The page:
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Does PC 186.22(b)(4) Apply to Conspiracy Crimes?

Brief Synopsis: Penal Code § 186.22(b)(4), a sentence enhancement for crimes committed for the benefit of a criminal street gang, does not apply to incomplete crimes such as conspiracy.    
In 2015, in Tulare County, law enforcement investigated the Norteño criminal street gang for their activities within the county.  As part of the investigation, they surveilled certain high-ranking gang members and tapped their cellphones.

On August 24 and August 25, 2015, agents were watching and listening as several of the gang members planned two back-to-back home invasion robberies (also called first-degree robbery, when two or more people commit a robbery within an inhabited dwelling house or other habitation) to take place in Visalia. 

Pedro Lopez, a member of a Norteño subset in Fresno County, agreed by phone and text message to help recruit for and participate in these robberies.  In preparation, Lopez and other gang members procured cars, weapons and other equipment.  They scoped out the locations they intended to target and planned a coordinated attack.
On the night of August 25, 2015, the group divided into two cars and set out toward the targeted homes.  One gang member texted another, “We in motion.  I’ll update you soon.”  Moments later, police intervened and arrested five individuals, including Lopez.

A Tulare County jury found Lopez guilty of two counts of conspiracy to commit home invasion robbery (Penal Code §§ 182(a)(1), 211), criminal street gang conspiracy to commit home invasion robbery (Penal Code §§ 182.5 [criminal street gang conspiracy], 211), and attempted home invasion robbery (Penal Code §§ 664, 211).  The jury also found all of these crimes to be gang-related within the meaning of Penal Code §§ 186.22(b)(1) and 186.22(b)(4) (“for the benefit of, at the direction of, or in association with a criminal street gang”).

The judge sentenced Lopez to an indeterminate term of 35 years to life for conspiracy to commit home invasion robbery, consecutive to a determinate term of 19 years for attempted home invasion robbery.  The sentence for the conspiracy conviction consisted of 15 years to life as a so-called alternate penalty under Penal Code § 186.22(b)(4)(B), doubled for a prior strike, with an additional five years for a prior serious felony conviction under Penal Code § 667(a).  All other counts and enhancements were stayed or ordered to be served concurrently.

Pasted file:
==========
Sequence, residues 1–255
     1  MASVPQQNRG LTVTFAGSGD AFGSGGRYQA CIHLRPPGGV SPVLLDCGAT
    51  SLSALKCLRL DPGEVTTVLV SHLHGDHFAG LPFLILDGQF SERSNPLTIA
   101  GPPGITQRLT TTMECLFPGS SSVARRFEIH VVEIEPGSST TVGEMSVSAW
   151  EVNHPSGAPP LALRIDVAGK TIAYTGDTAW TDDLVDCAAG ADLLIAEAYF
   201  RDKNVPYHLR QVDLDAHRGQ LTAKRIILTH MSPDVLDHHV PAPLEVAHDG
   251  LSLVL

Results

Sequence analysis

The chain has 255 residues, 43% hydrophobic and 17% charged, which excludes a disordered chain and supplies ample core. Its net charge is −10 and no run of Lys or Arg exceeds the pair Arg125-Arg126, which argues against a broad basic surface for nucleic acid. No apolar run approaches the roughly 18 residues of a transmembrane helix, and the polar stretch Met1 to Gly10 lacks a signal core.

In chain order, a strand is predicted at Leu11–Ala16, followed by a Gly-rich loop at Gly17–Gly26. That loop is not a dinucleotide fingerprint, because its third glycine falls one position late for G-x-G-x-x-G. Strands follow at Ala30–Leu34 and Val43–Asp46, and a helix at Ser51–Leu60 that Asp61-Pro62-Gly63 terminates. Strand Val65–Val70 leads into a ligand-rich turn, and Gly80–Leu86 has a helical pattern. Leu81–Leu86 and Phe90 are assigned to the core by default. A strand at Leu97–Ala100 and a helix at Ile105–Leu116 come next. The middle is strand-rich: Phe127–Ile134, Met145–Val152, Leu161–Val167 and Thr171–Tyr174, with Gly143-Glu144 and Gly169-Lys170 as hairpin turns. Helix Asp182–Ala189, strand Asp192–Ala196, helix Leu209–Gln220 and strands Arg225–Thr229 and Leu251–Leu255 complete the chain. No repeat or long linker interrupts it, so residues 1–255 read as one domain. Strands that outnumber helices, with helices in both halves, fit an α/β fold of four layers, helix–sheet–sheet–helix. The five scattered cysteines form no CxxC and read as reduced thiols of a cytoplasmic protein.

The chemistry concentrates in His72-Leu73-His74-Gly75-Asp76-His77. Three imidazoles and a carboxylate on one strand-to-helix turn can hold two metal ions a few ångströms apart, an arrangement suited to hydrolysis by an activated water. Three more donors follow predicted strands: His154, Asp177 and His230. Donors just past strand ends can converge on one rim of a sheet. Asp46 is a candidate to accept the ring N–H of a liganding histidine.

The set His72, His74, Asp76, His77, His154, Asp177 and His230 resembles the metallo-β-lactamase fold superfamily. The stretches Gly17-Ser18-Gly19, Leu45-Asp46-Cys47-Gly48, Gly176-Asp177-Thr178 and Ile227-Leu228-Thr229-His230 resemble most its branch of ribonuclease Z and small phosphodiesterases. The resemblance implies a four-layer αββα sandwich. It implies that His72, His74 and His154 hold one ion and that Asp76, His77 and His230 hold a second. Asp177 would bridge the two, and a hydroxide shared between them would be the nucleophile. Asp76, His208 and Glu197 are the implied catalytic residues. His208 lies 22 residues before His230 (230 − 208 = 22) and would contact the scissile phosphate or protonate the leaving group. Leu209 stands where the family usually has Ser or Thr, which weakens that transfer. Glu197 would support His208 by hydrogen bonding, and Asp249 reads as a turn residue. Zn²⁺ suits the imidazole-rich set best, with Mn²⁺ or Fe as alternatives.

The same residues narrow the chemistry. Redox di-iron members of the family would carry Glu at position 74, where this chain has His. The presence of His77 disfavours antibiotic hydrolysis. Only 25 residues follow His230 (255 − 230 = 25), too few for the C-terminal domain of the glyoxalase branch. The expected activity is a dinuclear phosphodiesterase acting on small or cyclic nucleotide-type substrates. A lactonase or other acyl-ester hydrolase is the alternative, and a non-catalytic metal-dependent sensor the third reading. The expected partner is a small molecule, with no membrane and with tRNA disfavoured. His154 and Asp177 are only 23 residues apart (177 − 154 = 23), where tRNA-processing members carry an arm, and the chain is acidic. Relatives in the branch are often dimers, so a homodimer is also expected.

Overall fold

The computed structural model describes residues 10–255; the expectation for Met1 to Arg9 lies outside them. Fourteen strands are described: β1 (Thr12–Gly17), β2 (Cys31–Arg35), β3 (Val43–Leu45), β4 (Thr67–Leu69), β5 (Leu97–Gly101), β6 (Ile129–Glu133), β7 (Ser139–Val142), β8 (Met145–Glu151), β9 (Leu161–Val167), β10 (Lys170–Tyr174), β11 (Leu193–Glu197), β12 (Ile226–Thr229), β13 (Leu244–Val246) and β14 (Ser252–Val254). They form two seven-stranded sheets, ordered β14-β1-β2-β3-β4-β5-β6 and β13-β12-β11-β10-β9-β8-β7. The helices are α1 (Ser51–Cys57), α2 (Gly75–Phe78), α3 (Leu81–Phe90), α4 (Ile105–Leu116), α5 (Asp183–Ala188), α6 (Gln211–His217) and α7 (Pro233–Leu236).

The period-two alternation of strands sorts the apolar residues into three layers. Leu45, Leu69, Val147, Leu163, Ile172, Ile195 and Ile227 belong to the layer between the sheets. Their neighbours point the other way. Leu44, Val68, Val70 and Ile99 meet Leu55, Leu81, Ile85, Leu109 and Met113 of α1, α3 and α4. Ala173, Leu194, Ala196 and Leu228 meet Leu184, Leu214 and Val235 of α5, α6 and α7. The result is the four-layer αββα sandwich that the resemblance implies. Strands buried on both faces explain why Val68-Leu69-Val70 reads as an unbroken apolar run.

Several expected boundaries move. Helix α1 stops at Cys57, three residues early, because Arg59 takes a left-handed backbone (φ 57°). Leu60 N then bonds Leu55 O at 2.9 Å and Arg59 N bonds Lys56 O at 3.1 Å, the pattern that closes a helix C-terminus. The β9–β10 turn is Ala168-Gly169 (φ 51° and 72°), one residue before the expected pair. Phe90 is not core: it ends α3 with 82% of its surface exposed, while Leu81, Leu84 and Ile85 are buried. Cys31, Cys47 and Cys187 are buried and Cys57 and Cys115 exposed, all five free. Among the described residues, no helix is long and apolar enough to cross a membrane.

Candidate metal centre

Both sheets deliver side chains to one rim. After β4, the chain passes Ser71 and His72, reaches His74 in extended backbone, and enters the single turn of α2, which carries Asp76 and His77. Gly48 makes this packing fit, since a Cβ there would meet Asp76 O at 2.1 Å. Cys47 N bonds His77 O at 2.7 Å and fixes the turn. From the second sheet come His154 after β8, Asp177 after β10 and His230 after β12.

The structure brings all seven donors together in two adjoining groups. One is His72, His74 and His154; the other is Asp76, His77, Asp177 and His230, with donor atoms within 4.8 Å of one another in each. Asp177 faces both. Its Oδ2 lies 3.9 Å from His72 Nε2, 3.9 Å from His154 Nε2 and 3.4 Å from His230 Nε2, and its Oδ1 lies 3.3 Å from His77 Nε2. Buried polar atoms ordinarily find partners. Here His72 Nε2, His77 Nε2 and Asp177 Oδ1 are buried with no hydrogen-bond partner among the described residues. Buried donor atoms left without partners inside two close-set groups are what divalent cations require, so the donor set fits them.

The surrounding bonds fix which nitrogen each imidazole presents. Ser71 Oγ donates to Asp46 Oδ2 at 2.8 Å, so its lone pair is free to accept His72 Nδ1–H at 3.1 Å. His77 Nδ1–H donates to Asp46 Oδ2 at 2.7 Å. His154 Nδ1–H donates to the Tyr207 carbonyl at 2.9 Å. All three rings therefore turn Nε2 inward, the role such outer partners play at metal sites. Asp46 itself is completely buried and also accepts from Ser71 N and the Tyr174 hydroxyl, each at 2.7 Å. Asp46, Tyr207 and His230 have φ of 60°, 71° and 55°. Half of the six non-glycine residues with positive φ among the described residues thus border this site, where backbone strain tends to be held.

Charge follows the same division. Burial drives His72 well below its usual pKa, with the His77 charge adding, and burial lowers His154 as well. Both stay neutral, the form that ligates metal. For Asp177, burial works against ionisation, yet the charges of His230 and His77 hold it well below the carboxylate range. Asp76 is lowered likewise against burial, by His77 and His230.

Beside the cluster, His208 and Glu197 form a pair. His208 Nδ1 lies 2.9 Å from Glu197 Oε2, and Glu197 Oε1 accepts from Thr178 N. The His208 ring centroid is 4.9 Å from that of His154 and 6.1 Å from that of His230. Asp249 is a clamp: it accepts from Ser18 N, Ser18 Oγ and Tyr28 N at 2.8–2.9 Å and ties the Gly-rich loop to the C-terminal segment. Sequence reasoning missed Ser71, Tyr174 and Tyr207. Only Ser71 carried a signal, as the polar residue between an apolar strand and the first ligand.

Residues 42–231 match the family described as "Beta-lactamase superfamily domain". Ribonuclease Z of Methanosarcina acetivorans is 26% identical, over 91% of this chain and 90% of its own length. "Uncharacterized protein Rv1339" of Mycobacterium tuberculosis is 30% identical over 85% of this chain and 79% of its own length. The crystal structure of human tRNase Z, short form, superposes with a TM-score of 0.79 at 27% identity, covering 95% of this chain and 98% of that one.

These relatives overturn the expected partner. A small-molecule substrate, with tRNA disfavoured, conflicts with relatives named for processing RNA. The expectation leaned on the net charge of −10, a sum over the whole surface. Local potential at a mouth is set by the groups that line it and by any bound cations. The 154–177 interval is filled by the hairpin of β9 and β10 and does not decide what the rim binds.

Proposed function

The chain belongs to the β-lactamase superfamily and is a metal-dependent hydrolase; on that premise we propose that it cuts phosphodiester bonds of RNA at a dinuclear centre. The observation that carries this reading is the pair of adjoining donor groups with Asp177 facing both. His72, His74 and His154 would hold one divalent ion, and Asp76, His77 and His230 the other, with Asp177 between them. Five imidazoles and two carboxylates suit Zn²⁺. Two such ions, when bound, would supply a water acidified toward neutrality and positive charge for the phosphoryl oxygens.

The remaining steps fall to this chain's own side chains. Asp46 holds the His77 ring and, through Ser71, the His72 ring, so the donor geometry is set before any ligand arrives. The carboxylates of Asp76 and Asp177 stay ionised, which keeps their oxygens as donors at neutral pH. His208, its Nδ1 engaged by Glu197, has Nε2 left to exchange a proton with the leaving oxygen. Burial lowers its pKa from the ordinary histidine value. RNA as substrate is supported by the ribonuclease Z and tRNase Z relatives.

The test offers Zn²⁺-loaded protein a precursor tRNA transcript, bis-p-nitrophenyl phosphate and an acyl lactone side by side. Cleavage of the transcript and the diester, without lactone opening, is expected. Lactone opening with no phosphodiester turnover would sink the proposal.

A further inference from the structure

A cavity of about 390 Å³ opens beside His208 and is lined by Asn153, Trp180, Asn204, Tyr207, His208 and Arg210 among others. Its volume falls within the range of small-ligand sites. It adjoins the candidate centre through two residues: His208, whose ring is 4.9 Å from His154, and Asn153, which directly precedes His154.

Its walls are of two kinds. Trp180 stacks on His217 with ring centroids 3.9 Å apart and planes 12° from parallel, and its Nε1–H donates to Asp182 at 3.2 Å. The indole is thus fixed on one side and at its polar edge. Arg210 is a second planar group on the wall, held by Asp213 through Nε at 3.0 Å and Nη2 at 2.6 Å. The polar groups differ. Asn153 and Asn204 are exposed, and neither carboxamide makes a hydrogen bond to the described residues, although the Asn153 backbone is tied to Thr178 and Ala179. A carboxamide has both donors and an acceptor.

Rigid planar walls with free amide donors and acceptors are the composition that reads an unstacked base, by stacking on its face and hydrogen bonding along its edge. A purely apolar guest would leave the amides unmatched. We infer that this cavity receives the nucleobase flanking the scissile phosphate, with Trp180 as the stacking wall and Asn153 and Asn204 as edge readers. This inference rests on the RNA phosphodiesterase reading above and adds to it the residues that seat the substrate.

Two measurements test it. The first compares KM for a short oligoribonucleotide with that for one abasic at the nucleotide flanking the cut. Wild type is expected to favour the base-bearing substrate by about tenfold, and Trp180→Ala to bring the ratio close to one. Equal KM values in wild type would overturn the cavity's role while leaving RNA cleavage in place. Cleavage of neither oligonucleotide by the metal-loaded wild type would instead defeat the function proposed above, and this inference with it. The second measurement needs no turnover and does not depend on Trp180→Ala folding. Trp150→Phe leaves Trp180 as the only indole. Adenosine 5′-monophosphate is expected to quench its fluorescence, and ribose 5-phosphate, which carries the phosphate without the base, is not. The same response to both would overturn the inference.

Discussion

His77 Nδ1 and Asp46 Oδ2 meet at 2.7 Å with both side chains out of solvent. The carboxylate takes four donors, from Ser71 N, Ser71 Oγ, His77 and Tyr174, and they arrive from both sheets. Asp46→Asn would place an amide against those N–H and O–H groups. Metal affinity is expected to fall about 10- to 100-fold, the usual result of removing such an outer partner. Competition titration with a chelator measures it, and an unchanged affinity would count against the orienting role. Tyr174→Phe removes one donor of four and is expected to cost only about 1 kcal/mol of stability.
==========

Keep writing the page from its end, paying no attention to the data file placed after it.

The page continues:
Mr. Lopez appealed the sentence to the Fifth Appellate District in Fresno.  The court of appeal reversed the second count of conspiracy for insufficient evidence.  However, Lopez was unsuccessful in persuading the court of appeal that the trial court erred in sentencing him to an indeterminate life term on his conspiracy conviction under Penal Code § 186.22(b)(4). 

While the court of appeal agreed with him that the language in that provision applies only to the enumerated offenses, which do not include conspiracy, it understood the California Supreme Court’s decision in People v. Athar (2005) 36 Cal.4th 396 to instruct that in a felony conspiracy case, a trial court ordinarily must apply all sentence enhancements or alternate penalties that would have applied to the completed offense.

Lopez then appealed this ruling to the California Supreme Court, which agreed with Lopez that neither the conspiracy statute nor Athar requires an express statement forbidding imposition of sentence enhancements, alternate penalties, or other additional punishment to conspiracy convictions. 

After all, the crime of conspiracy “is an inchoate offense, the essence of which is an agreement to commit an unlawful act.”  People v. Johnson (2013) 57 Cal. 4th 250, 258.  To commit the crime of conspiracy, one of conspirators must commit an overt act in furtherance of the agreement.  But because “it is the agreement, not the overt act, which is punishable . . . the overt act need not amount to a criminal attempt and it need not be criminal itself.”  Id., at 259.

It then discussed People v. Hernandez (2003) 30 Cal. 4th 835, where the California Supreme Court considered the punishment for conspiracy to commit murder.  The defendant in that case had been convicted of both murder and conspiracy to commit murder, and the jury found true a special circumstance allegation that both the murder and the conspiracy to commit murder had been committed for financial gain.  Id., at 864.

Based on “significant errors” in the penalty phase of the trial, the death sentence for the murder was vacated and defendant was sentenced to life without the possibility of parole on the conspiracy conviction.  The Supreme Court then vacated that sentence, too, concluding that the special penal provision at issue – the special circumstance authorizing life without parole sentence – applied only to convictions for the completed crimes, not to convictions for conspiracy to commit murder.  Id. at 878.

The California Supreme Court held, in other words, that it is enough if the relevant statutes reflect “a discernible intent” to reserve the additional punishment for completed crimes.  Here, although Penal Code § 186.22(b)(4) does not say so expressly, the most natural reading of the provision reflects such an intent. 
Since Lopez was convicted of conspiracy to commit home invasion robbery and not the completed crime, the Supreme Court reversed the judgement of the Fifth District Court of Appeal and remanded Lopez’s case for resentencing.

The citation for the California Supreme Court ruling discussed above is People v. Pedro Lopez (2022) 12 Cal. 5th 957, 292 Cal. Rptr. 3d 265, 507 P. 3d 925.

For more information about Assembly Bill (AB 333), the sentencing enhancement for criminal street gang involvement and conspiracy, please click on the following articles:
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